Michael Moore is back, and he’s back full of rage, anger and determination to tell it as it is even if the rest of the world wants to bury their heads in the sand. This is the man who took on the NRA, the Bush administration and the health care system in America. And he has a new target in his sights. None other, than Mr. Donald Trump. Although, Moore’s outrage machine is not aimed directly at the 45th President of the United States, but at the media, the democratic party and Gwen Stefani. Moore pulls back the band-aid that is trying hold a crippled country together, in order to show the viewer a system that disenfranchises voters, mistreats its poor, and allows corruption to flourish. There’s a real sense of passion behind this latest project of Moore’s and as a result Fahrenheit 11/9 is ultimately Moore’s best film in years.
The documentary starts with the days just before the election, when the world was told that Hillary Clinton was going to be the next President. Looking back, just those short couple of years (although it sometimes feels like a lifetime ago) there was no doubt that Clinton was going to win. Moore uses footage of women crying after casting votes for her, and news reporters laughing about how Trump has no chance to win, with the use of ‘Fight Song’ blasting out, in all of it’s over eager pop glory. Then, suddenly the truth sinks in and Moore shows the footage of Trump’s face being projected on the Empire State Building. It’s enough to send shivers down your spine.
Moore quickly rushes through the history of Trump with such a manic approach that it’s almost hard to follow. From the role Gwen Stefani played in his Presidency (he was outraged that she was being paid more for her role on The Voice, then his role of The Apprentice), to how creepy Trump can sometimes be with his daughter Ivanka (yes, we see those photos) to his history with the “Central Park Five”. Although, these are facts and ‘gossip’ that is known to the public, so one may feel that at first that this documentary is directionless. And, with the Trump Presidency being analyzed in real-time, what could a documentary about him possibly add to the conversation? However, Moore isn’t really interested in the tabloid drama surrounds Trump and the Republicans. No, what Moore is interested in, is the really dirty stuff and he’s going to roll up sleeves and get stuck right in.
Fahrenheit 11/9 is at its strongest when it settles down in a place that Moore knows very well: Flint, Michigan. One suspects that many outside of Flint, aren’t aware of its water crisis. Moore presents the case of the downright criminal behavior that went down in Flint in stark, terrifying terms, speaking to a pediatrician about the lead levels in the water and even trying to perform a citizen’s arrest on Governor Rick Snyder. In one bold move Moore turns up with a glass of water for Snyder to wet his lips. How does this tie in with Trump. Well, Moore suggest that by Snyder getting away with his crimes, it may have inspired Trump to operate in previously unimaginable ways in plain sight. Although, Moore is a little ham-fisted with his comparison with Trump to Hitler, still it’s hard not to be caught up in all of Moore’s fire and fury.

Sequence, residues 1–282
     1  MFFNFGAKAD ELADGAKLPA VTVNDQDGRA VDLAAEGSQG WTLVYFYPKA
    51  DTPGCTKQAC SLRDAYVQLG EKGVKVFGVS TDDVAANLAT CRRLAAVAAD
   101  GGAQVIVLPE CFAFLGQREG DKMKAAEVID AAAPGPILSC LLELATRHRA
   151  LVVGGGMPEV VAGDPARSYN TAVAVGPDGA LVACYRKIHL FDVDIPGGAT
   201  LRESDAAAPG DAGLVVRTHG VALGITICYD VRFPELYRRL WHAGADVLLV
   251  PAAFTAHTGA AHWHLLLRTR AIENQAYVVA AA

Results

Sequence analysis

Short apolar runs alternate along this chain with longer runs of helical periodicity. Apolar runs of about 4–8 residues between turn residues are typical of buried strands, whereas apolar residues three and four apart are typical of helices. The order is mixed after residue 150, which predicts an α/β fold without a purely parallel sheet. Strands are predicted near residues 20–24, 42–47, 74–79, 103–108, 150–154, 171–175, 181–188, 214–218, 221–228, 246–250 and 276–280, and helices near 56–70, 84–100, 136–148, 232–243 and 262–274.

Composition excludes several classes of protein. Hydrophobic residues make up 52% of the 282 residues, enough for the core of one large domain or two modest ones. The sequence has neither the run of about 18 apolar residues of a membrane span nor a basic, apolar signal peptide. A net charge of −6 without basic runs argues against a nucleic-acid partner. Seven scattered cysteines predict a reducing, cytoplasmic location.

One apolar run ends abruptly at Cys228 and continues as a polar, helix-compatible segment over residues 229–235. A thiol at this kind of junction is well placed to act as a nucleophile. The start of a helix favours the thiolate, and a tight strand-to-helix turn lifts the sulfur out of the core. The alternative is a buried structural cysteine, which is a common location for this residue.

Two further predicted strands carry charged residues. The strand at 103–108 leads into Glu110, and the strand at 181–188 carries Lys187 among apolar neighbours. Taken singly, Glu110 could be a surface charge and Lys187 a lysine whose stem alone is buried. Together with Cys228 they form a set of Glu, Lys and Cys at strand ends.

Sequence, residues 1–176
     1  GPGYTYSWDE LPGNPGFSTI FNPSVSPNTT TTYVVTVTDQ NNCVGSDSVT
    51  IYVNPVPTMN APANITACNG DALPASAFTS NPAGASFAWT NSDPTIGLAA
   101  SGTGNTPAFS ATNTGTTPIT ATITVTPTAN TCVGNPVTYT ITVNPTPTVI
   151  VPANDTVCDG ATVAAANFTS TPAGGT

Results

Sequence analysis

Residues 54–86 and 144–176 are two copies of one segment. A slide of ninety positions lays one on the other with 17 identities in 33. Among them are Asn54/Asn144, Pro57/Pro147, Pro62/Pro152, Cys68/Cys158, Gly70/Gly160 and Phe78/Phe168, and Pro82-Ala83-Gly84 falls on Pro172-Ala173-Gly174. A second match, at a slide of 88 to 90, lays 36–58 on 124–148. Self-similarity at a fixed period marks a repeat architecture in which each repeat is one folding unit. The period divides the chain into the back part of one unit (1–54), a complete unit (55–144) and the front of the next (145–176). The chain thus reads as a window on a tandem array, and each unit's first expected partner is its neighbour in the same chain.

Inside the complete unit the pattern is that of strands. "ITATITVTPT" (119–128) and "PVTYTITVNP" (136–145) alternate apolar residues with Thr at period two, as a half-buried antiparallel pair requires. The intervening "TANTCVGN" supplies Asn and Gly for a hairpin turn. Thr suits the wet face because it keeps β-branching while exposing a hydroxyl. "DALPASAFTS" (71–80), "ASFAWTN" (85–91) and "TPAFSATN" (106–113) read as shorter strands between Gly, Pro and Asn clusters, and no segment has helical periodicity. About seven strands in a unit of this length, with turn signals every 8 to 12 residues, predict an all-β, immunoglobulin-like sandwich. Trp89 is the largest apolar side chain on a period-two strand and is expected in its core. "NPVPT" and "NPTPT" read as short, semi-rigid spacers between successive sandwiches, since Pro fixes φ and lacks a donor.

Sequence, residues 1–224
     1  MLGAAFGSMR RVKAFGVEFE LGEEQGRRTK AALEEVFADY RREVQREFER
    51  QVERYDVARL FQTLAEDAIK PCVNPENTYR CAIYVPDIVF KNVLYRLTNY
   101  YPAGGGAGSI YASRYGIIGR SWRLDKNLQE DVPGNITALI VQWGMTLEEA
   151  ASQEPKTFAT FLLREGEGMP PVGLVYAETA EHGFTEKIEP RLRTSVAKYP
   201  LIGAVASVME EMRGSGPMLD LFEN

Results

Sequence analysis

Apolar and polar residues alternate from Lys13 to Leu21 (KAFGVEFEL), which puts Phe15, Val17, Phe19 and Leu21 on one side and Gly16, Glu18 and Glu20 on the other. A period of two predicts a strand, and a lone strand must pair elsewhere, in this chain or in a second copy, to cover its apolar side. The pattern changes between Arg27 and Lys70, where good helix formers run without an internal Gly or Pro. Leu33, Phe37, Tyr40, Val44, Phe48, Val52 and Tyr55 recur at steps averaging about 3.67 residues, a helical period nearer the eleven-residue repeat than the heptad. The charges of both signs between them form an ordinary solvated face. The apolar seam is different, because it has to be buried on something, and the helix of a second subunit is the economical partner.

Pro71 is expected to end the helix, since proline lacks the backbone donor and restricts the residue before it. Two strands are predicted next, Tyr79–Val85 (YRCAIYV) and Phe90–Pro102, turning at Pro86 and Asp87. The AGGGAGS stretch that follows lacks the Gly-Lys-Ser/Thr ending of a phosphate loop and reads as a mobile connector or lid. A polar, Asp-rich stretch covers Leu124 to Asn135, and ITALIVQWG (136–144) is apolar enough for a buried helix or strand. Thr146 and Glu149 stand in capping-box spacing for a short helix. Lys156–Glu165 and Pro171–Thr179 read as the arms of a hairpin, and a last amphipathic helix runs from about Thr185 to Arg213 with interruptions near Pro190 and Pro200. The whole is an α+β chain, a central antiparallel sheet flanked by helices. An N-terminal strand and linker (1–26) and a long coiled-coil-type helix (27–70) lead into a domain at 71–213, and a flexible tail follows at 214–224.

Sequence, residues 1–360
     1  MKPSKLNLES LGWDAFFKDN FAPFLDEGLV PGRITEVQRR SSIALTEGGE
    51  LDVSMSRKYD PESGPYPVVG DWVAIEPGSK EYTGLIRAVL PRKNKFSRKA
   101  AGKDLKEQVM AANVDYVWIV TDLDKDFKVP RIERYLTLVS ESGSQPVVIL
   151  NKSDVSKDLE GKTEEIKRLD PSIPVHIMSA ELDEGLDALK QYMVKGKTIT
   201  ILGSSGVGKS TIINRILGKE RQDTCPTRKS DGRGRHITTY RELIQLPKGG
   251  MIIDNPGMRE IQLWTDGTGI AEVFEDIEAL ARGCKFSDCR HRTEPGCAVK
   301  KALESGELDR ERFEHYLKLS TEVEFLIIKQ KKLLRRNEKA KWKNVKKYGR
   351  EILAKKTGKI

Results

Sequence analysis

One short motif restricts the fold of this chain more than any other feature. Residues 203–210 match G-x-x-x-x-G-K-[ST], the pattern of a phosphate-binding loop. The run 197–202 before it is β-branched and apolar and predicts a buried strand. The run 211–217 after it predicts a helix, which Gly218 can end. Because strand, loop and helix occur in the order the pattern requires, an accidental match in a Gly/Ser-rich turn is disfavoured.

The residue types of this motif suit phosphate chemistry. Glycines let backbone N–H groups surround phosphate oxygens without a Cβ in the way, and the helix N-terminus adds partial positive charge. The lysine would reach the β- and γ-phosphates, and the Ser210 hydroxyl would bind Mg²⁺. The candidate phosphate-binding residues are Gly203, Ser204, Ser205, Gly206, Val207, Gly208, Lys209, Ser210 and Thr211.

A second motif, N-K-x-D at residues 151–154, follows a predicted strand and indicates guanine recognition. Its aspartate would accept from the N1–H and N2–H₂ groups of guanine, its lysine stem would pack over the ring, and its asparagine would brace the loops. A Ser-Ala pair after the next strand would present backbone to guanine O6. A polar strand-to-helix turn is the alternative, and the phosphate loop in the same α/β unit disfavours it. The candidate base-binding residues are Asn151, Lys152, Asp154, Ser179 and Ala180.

It isn’t just Flint, Michigan which is the focus of Moore’s attention. As the film develops, he expands to other issues that clearly matter to him, including a teachers’ strike in West Virginia and the Parkland kids. It would take someone with a real lack of compassion, not to be moved by this. Moore proposes the crazy notion, that shouldn’t issues like water that doesn’t poison our children, teachers making enough money to be above the poverty line, and a way to stop school shootings be issues that everyone, regardless of party, gets behind? It is clear that to Moore (and a massive amount of people), that the democratic system is broken, and needs to radically change.
Perhaps, Fahrenheit 11/9 would have been a stronger film if it didn’t try to cram so much into its two-hour run time. However, considering how much has taken place in the last two years, it’s amazing that Moore has managed to condensed it down. America may not be ready for Moore’s documentary, as it only achieved a little over $3 million in ticket sales on its opening weekend in 1,719 theaters. Still, Moore seems to have kept his fighting spirit, and maybe that might rub off on a few undecided voters in 2020. I guess, only time will tell whether Moore will be doing a follow-up documentary in two years time.